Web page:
Import of Hunted Lions


Ready to Apply?

There are several steps that you need to take when applying to import your sport-hunted lion trophy. We recommend planning and applying before you finalize your hunting plans to ensure you can obtain the necessary permits. Import permits are valid for one year from the time of issuance and may be amended or renewed if necessary.  

To Apply Before Your Hunt

We understand that most hunters want to know before their hunt whether they qualify for a permit to import their hunted animal. If you wish to have this reassurance prior to your hunting trip, we recommend that you submit your permit application to us 18 months prior to your planned lion hunt. In doing so, you can expect us to finish the processing of your application a year from your hunt. If you cannot plan your hunt that far in advance, we encourage you to submit your application as soon as you have the information available to complete your application. In order to complete your permit application, among other information, you must know the country and location of your hunt (area, ranch, conservancy, management area, or hunting block, and nearest city), planned date range of the hunt, and the name of the hunting outfitter, safari company, or professional hunting guide with whom you will be hunting. Copies of any applicable foreign government permits or licenses required for the hunt should be included if you have already obtained them.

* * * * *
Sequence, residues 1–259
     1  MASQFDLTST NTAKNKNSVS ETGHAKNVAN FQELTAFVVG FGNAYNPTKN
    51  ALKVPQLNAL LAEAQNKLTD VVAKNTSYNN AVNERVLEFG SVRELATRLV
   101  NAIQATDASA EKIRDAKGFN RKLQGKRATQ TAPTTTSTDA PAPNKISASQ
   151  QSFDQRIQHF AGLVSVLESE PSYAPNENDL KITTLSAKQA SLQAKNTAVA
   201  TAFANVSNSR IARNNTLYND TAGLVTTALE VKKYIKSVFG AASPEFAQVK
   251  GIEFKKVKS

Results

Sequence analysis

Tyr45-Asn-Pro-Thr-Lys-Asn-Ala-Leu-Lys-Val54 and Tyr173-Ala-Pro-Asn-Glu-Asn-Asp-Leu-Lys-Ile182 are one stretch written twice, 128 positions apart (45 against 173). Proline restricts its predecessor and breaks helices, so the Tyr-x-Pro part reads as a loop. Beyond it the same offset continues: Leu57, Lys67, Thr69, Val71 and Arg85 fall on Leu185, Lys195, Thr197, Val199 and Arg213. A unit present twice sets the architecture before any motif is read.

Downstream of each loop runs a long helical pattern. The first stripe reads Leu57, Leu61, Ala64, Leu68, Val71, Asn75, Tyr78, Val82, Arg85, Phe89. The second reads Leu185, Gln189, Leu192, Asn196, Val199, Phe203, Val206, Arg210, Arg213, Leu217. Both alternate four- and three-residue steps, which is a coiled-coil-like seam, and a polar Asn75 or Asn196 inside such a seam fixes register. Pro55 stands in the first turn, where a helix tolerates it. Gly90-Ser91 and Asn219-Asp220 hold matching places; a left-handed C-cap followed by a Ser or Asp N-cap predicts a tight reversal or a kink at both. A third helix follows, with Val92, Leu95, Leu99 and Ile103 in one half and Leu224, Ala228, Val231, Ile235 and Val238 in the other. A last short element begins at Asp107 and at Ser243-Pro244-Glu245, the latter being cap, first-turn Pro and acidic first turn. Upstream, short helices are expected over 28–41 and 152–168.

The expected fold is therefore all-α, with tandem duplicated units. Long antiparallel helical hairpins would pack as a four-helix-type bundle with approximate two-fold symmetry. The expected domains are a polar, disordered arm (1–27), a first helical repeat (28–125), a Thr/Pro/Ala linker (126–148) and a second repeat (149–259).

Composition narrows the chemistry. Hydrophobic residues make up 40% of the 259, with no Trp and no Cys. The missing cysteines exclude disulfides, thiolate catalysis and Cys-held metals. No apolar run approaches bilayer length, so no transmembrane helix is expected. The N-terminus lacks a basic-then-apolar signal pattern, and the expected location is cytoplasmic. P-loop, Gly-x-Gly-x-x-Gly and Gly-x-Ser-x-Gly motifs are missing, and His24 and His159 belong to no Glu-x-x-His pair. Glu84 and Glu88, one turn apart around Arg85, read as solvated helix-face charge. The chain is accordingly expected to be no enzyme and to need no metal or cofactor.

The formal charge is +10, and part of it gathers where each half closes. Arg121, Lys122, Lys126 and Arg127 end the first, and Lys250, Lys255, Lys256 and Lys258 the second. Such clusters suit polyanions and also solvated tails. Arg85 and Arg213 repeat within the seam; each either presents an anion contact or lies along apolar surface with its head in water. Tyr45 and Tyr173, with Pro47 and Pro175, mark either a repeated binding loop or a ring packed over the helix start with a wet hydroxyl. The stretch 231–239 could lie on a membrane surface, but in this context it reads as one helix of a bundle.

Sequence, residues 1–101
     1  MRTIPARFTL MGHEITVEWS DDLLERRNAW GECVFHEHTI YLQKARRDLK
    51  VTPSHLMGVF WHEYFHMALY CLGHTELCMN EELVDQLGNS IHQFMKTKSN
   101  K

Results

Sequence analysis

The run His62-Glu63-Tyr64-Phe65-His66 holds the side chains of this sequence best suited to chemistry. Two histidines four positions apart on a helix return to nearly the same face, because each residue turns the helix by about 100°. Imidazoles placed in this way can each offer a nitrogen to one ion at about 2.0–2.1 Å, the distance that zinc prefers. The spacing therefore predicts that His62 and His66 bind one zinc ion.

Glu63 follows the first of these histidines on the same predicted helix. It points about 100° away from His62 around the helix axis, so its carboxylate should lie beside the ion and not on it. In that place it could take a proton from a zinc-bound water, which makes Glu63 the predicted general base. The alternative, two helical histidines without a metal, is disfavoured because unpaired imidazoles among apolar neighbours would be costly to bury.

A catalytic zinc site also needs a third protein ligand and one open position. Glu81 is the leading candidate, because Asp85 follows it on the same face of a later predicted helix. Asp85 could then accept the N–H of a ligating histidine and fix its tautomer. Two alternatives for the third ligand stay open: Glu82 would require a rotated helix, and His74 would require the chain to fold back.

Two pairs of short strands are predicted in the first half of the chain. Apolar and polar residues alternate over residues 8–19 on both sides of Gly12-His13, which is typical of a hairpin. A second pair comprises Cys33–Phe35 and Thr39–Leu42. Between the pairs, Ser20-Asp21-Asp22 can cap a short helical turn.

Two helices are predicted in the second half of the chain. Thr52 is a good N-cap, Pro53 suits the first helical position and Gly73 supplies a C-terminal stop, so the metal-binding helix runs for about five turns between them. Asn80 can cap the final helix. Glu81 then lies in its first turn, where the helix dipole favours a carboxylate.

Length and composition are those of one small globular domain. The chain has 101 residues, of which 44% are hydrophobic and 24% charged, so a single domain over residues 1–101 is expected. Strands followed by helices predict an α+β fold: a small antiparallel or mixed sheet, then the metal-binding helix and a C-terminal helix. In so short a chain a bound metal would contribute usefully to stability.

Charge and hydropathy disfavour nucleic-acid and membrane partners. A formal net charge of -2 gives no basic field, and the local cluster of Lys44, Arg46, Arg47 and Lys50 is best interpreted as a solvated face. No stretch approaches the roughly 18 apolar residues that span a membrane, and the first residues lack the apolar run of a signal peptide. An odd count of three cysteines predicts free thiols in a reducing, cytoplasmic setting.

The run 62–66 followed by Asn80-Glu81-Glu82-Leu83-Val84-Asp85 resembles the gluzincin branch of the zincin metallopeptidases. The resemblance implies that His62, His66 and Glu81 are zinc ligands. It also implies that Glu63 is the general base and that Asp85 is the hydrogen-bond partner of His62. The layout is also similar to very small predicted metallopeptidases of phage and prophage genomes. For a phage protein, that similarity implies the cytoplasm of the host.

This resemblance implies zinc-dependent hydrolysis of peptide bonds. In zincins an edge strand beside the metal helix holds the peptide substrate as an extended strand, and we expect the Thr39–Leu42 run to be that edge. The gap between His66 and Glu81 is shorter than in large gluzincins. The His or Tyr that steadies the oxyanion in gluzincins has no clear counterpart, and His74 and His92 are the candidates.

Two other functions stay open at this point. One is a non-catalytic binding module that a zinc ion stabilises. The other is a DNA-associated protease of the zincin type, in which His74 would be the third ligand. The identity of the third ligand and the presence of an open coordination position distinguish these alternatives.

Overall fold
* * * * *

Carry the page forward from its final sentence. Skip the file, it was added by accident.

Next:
To Apply After Your Hunt

If you wish to apply for your import permit after you have hunted the wildlife, you will need to complete the permit application, providing, among other information: the country and location where you hunted the wildlife (area, ranch, conservancy, management area, or hunting block, and nearest city); the date the wildlife was hunted; and the name of the hunting outfitter, safari company, or professional hunting guide with whom you hunted. In addition, you will need to provide copies of any applicable foreign government permits or licenses that were required for the hunt.

What Happens After You Submit the Application?

Permit Processing

  1. When we receive your application, we will enter it into our permitting system and send an acknowledgement letter to you via email.